Some doctors and legal experts worry that such decisions open the door for plaintiffs to bypass state laws by bringing federal actions, such as civil rights or antitrust claims.
If sensitive review information is unveiled, "the question is, will doctors be willing to be involved [in peer review] when there is a greater risk of exposing them to litigation," through a defamation, discrimination or medical liability claim, asked Donald J. Palmisano Jr., general counsel to the Medical Assn. of Georgia. The group filed a friend-of-the-court brief in the 11th Circuit.
Different states, different interpretations
Doctors have encountered additional hurdles at the state level, where privilege protections vary widely, said Phil Zarone, a hospital attorney and partner at Pittsburgh-based Horty Springer & Mattern. For example, Georgia's high court has recognized an "absolute embargo" on the use of confidential peer review materials in any type of civil lawsuit. Other states have applied the privilege narrowly to specific cases, such as medical liability claims.
Zarone pointed to a recent legal battle in Florida over erosions to its privilege statute. Voters in November 2004 approved a state constitutional amendment, giving patients access to records related to adverse medical incidents. In March, the state Supreme Court affirmed that the amendment preempted the state peer review privilege and found that it applied retroactively to uncloak related peer review documents created before the measure's passage.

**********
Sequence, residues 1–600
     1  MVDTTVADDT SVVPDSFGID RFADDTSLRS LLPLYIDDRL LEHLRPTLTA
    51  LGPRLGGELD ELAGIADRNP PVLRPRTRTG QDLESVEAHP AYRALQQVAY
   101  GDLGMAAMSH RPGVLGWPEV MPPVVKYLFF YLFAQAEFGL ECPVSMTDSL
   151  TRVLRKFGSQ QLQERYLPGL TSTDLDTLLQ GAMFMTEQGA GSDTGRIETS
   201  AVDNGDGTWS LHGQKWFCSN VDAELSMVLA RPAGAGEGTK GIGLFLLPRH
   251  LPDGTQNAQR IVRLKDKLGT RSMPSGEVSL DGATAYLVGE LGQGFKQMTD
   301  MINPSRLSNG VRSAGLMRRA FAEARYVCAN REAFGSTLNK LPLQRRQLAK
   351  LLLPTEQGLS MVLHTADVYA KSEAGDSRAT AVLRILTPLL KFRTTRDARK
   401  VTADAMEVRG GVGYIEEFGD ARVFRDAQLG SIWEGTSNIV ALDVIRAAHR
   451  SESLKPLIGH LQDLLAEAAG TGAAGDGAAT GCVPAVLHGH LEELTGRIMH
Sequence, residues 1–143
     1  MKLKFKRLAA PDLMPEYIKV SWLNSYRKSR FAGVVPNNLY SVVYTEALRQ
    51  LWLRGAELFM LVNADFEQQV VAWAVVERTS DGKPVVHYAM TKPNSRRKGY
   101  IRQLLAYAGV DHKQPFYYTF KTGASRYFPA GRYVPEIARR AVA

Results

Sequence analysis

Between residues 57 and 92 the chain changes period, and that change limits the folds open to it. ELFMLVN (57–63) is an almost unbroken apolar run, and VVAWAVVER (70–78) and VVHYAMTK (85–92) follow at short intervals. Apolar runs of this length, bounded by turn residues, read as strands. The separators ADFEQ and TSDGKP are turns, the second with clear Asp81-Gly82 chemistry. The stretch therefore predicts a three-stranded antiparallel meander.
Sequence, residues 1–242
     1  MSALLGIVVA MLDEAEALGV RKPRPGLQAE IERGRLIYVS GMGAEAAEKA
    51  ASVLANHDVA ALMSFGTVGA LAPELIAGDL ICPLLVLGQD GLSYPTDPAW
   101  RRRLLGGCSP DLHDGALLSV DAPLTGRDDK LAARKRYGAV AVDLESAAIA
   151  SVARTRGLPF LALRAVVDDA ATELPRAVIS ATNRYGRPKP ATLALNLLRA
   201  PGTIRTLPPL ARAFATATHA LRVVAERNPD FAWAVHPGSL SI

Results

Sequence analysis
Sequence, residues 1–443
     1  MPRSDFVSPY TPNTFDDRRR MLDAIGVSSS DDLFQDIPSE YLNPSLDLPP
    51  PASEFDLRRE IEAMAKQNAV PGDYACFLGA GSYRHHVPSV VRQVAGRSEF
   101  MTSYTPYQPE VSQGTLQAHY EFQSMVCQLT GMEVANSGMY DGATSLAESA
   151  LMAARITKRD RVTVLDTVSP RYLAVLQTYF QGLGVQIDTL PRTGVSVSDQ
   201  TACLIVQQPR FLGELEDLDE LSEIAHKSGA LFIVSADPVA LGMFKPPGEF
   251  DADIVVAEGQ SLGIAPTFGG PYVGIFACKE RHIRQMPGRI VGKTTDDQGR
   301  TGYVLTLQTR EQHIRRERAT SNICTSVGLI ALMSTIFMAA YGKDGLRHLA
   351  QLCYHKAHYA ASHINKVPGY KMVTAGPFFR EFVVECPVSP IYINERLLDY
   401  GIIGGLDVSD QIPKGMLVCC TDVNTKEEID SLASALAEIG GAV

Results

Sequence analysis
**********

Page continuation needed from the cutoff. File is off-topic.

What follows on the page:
In the face of such disclosures, "the fight and the goal of the [peer review committee] is to try to limit what's turned over to only the necessary and relevant information," Stanton said. Often that can be accomplished through a judge's review or a protective order.
AMA policy supports peer review confidentiality as well as efforts to enact federal legislation that would prohibit the discovery of records related to such proceedings.
Meanwhile, some observers are looking to the Patient Safety and Quality Improvement Act of 2005 as a possible avenue for a federal peer review privilege.
The law, supported by the AMA, would allow the Dept. of Health & Human Services to certify patient safety organizations to which doctors, hospitals and other health care entities could report medical errors. To quell liability concerns, this information would be protected from discovery, according to regulations proposed to implement the measure.
The rules acknowledge that physicians often are reluctant to participate in peer review activities for fear of having such information used against them in court. But they also suggest that only those records generated specifically for PSO reporting activities would qualify as privileged. Zarone said some organizations are asking HHS to clarify whether related peer review documents would be covered, in hopes of gaining some federal safeguards.
Stanton said state and federal laws "reflect the judgment of all 50 legislatures that immunity and confidentiality are important elements of peer review." In spite of growing legal threats to the process, "the continued willingness of physicians to participate under the circumstances is to their credit."